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Jewish Philosophy in the Medieval World


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Jewish Philosophy in the Medieval World

V78.0425


MW 9:30-10:45

SILV 414
Prof. Elliot R. Wolfson

The aim of the course is to introduce the student to the main figures and themes in medieval Jewish philosophy. Topics to be discussed include reason, faith, and prophetic revelation; Israel’s election and universal human nature; creation versus eternity; divine heteronomy and moral autonomy; free will, necessity, and divine omniscience; evil, justice, and divine omnipotence; prayer, contemplation, human perfection.

Course requirements consists of a midterm, final, one classroom presentation, and a research paper. Attendance and class participation will also be factors in determining the grade.


The main textbook for the course is The Jewish Philosophy Reader, edited by Daniel Frank, Oliver Leahman, and Charles Manekin. The pagination of all the readings are from this book. Students are required to purchase a copy and to bring it to class.
In addition to the required course readings, it is strongly recommended that all students read the following works in the course of the semester (books will be put on reserve in the library):
Isaac Husik, A History of Mediaeval Jewish Philosophy

Julius Guttmann, Philosophies of Judaism, section II

Colette Sirat, A History of Jewish Philosophy in the Middle Ages

The Cambridge Companion to Medieval Jewish Philosophy, edited by Daniel Frank and Oliver Leaman
Session I: General Introduction to Jewish Philosophy: Scripture and Textual Reasoning
Session II: Reason, Faith, and Prophetic Revelation

Reading: Leo Strauss, “The Mutual Influence of Theology and Philosophy,” pp. 570-582

Samuel H. Bergman, Faith and Reason, pp. 583-585

Saadia Gaon, Book of Beliefs and Convictions, pp. 175-176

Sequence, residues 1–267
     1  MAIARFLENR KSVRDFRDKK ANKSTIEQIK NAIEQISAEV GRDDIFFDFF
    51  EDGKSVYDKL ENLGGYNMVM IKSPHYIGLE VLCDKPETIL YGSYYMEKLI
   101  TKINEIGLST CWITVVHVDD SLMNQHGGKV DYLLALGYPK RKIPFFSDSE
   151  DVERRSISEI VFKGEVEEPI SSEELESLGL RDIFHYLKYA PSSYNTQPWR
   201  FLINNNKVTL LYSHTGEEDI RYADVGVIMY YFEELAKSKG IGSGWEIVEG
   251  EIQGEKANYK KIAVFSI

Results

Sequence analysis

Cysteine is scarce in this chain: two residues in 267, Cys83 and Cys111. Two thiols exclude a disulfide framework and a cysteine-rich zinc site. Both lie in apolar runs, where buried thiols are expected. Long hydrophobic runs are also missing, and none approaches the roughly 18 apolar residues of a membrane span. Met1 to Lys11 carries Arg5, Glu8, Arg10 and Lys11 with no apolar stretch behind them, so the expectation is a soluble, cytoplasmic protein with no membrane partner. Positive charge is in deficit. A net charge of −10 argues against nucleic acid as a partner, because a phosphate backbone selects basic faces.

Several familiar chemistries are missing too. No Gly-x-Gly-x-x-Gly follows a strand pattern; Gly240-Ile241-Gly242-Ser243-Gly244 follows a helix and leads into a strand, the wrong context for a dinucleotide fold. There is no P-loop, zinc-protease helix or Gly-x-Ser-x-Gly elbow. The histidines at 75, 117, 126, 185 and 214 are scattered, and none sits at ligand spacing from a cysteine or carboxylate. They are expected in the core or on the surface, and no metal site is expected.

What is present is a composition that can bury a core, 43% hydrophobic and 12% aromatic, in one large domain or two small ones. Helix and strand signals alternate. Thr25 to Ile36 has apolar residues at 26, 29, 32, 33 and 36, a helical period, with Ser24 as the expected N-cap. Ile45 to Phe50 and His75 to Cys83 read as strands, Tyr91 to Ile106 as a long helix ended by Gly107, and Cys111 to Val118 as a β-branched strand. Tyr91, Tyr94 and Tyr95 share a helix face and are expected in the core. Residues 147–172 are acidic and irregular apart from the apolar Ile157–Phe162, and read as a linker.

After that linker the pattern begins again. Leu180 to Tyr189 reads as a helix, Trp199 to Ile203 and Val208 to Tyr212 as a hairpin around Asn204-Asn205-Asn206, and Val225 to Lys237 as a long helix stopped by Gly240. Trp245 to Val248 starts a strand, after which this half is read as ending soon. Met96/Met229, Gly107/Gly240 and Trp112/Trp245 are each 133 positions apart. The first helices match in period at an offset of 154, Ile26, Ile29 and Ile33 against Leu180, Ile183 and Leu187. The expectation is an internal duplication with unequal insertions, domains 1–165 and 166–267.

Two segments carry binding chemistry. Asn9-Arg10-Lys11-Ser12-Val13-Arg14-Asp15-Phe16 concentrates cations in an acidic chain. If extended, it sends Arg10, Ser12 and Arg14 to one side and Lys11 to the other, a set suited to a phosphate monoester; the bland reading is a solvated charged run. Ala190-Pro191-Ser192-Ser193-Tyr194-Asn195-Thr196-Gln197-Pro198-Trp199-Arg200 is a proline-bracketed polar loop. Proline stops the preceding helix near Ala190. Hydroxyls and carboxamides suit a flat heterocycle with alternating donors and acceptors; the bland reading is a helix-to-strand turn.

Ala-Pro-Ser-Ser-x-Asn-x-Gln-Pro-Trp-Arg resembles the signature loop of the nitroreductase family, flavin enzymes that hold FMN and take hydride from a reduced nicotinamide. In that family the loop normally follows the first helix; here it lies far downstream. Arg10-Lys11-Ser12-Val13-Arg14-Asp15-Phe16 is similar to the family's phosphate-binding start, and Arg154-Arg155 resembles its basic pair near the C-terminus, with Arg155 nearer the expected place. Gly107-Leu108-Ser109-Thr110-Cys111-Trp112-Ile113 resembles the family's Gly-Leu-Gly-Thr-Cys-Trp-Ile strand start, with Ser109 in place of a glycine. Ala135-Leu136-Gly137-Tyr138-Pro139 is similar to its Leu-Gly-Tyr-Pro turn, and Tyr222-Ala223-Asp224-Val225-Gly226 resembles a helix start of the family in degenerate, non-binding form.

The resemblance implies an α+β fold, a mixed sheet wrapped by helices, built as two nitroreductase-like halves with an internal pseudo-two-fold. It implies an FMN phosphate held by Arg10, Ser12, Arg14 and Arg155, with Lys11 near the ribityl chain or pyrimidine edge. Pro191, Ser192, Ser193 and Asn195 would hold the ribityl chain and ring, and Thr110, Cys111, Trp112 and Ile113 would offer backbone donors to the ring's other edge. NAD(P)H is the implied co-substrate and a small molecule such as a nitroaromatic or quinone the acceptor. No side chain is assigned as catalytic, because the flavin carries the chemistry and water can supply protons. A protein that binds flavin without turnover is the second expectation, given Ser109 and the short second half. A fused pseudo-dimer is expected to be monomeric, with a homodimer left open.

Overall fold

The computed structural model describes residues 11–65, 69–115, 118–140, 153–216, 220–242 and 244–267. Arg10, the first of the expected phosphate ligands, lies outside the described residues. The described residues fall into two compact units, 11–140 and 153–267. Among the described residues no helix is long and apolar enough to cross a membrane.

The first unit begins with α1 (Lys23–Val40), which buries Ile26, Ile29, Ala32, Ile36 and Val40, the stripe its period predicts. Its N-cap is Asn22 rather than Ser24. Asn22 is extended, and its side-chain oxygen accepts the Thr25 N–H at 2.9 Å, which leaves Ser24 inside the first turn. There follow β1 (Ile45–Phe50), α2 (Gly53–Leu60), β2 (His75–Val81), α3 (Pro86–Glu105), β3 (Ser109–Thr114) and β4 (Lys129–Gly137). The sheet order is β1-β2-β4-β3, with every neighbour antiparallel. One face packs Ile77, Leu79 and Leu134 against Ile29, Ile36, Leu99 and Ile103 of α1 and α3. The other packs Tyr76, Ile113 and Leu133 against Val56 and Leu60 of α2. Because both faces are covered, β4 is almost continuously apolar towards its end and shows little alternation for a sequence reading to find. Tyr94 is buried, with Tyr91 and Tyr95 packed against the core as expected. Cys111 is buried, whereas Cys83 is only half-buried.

Judah Halevi, Kuzari, pp. 203-208

Abraham Ibn Ezra, Commentary on Exod 20:2, pp. 215-217

Maimonides, Guide of the Perplexed, pp. 139-150
Session III: Israel’s Election and Universal Human Nature

Reading: Philo, On the Creation of the World, pp. 15-19

Judah Halevi, Kuzari, pp. 209-211

Maimonides, Guide of the Perplexed, pp. 23-25


Session IV: Creation versus Eternity

Reading: Genesis 1-3, pp. 7-10

Philo, On the Creation of the World, pp. 11-15

Judah Halevi, Kuzari, pp. 208-209

Maimonides, Guide of the Perplexed, pp. 27-32, 232-233

Session IV: Divine Heteronomy and Moral Autonomy

Reading: Genesis 22, pp. 39-40 (Binding of Isaac)

Philo. On the Creation of the World, pp. 15-19

Saadia Gaon, Book of Beliefs and Convictions, pp. 171-175

Judah Halevi, Kuzari, pp. 211-214

Maimonides, Mishneh Torah, pp. 223-232 (Foundations of the Law)

Idem, Guide of the Perplexed, pp. 40-41, 129-131


Session V: Free Will, Necessity, and Divine Omniscience

Reading: Exodus 9, 10, 14 (Hardening of the Pharaoh’s heart), pp. 46-48

Philo, On the Creation of the World, pp. 19-23

Saadia Gaon, Book of Beliefs and Convictions, pp. 177-180

Maimonides, Commentary on the Mishnah, pp. 48-50 (Eight Chapters)

Idem, Guide of the Perplexed, pp. 25-27


Session VI: Evil, Justice, and Divine Providence

Reading: Job, 1-2, 42, pp. 60-62

Maimonides, Guide of the Perplexed, pp. 73-78

Gersonides, Wars of the Lord, pp. 78-79


Session VII: Prayer, Contemplation, Human Perfection

Reading: Bachya Ibn Paquda, Duties of the Heart, pp. 105-108

Solomon Ibn Gabirol, Fountain of Life, pp. 190-200

Judah Halevi, Kuzari, pp. 212-214

Abraham Ibn Ezra, Commentary on Exod 23:25-6, pp. 217-218

Maimonides, Mishneh Torah, pp. 228-232 (Ethical Dispositions)



Idem, Guide of the Perplexed, pp. 234-242


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